by Maura Sutton
In the weeks leading up to the release of Luke Combs’s second album, What You See Is What You Get, news broke that his double-platinum debut, This One’s For You, had equalled the longevity record of a with 50 non-consecutive weeks on the Billboard Top Country Albums chart. Talk about piling on the pressure for the launch of that traditionally difficult beast, the sophomore album. However, as it turned out, the North Carolina native (and devoted Panthers fan), and newly minted CMA Male Vocalist of the Year, had nothing to worry about on that score. Sophomore album jinx? Pah! Luke Combs is having none of that, thanks very much! At the time of writing, What You See Is What You Get (has a title ever been more apt?) has already broken its fair share of sales and streaming records in just a few short weeks, and not just in the Country genre but right across the board, earning Luke his first ever Billboard Top 100 Number 1 album.
What You See Is What You Get reassembles the dream team from This One’s For You, comprising Luke and his producer, Canadian musician and producer Scott Moffatt, who first started working with Luke on his third independently financed EP after agreeing to be paid on a track-by-track basis, which was all the fledgling, cash-strapped independent artist could afford at the time.
Moffatt doesn’t just contribute his skills behind the desk, he’s also a multi-instrumentalist, credited with everything from banjo, glockenspiel, and guitar, to name but three of many.
The first five tracks of the album are the exact same five tracks from recent EP The Prequel, and all running in exactly the same order, with Beer Never Broke My Heart kicking off the whole barnstorming shebang, hitting the ground running full pelt and then some, with a little traditional banjo taster before the crunching power chords kick in, followed by Luke’s rich, warm vocals. Lyrically, the track is a typically relatable tale of all the things that broke the singer’s heart, “like diamond rings and football teams,” and the three things that didn’t, namely, “long-neck ice-cold beers,” and “bars, and this guitar.” I’m just surprised that he couldn’t find room for his beloved Crocs in there as well, but there’s plenty of time for that on the next album!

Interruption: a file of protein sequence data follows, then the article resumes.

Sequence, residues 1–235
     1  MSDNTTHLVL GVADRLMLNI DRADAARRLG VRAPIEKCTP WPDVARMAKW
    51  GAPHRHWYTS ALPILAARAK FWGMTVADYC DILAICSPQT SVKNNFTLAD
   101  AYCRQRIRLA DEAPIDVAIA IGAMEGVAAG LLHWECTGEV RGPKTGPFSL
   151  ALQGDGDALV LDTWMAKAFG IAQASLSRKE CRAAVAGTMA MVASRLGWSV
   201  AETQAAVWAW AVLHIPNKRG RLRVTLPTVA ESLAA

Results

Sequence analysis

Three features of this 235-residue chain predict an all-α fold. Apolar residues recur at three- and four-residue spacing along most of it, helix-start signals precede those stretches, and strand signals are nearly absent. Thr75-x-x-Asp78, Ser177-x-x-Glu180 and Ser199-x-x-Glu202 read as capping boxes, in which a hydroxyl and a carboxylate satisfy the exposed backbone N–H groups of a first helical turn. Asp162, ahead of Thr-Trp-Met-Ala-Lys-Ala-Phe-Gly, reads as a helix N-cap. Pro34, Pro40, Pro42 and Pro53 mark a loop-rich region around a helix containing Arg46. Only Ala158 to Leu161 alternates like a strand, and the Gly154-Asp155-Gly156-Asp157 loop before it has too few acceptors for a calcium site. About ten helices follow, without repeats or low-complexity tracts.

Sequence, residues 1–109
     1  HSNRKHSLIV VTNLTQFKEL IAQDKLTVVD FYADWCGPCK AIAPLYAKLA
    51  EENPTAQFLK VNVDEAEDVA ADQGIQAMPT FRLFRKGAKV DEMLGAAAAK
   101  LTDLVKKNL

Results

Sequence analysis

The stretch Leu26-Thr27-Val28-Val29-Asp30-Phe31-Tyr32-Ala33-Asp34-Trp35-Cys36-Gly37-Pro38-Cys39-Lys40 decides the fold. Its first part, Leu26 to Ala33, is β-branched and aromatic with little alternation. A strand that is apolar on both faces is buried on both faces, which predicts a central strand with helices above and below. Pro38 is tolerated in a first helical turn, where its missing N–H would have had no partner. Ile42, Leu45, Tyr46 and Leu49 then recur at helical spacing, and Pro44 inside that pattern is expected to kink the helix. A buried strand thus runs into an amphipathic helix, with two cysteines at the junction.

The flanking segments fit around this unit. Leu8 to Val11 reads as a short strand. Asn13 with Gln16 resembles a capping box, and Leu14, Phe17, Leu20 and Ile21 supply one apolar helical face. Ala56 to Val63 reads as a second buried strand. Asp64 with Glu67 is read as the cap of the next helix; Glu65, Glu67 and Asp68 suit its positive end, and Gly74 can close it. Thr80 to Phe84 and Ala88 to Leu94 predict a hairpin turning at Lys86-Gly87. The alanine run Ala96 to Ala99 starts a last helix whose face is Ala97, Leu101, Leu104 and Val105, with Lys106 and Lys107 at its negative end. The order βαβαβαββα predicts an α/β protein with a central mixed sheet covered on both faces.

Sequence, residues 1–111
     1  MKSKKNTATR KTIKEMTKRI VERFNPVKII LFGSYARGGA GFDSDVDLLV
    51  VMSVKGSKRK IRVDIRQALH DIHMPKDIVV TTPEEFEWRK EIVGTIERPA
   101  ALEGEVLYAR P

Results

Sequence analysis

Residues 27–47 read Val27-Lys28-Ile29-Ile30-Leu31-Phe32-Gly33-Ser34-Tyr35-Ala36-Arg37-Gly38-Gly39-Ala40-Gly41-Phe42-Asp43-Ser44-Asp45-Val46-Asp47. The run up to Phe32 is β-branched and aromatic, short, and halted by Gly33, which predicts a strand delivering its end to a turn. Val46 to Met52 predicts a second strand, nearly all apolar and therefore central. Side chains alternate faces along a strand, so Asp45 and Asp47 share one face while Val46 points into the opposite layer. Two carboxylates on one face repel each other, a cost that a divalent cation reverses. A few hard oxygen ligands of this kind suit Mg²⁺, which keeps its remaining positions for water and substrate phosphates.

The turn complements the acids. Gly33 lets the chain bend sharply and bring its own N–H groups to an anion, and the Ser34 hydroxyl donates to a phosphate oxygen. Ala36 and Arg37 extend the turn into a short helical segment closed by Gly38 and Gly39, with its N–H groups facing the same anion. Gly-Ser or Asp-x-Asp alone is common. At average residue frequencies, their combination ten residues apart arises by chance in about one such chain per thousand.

A perfect opener and statement of intent, “Beer…” boasts a massive chorus, meaty power chords, a rock guitar break halfway through, and an infectious head-nodder of a beat.
Second track Refrigerator Door is slightly slower and a little more reflective, but it still rocks hard in a countrified way, with some really nice guitar licks and Luke’s trademark twang cutting through the backing vocals. The lyrics highlight his much-touted ability to fashion a descriptive narrative loaded with symbolism from the seemingly ordinary and everyday, focusing on the meaning behind those simple items that the average person has on their fridge door, such as “magnets, recipes, and Polaroids,” and how such things present a unique snapshot of the life of a family lived throughout the years, getting more and more crowded as the years roll by.
Next up, current Billboard Country Airplay Number 1 track Even Though I’m Leaving is a fine example of the traditional theme of a country music story song with a poignant message, one where you might find yourself suddenly getting a little something in your eye, or suffering the mysterious rapid onset of unseasonal hay fever causing you to brush away a tear.
“Daddy” being there to comfort his child is a theme throughout the song, first comforting the scared child at bedtime, then reassuring the grown-up child who is nervous and on their way to serve in the military, and then, in the last verse, the dad leaving the child behind one last time, but once again reassuring them that they’re never really gone, and will always be there for them. Luke’s heartfelt delivery of the lyric really hits home hard when he sings “Even though I’m leavin’, I ain’t goin’ nowhere.”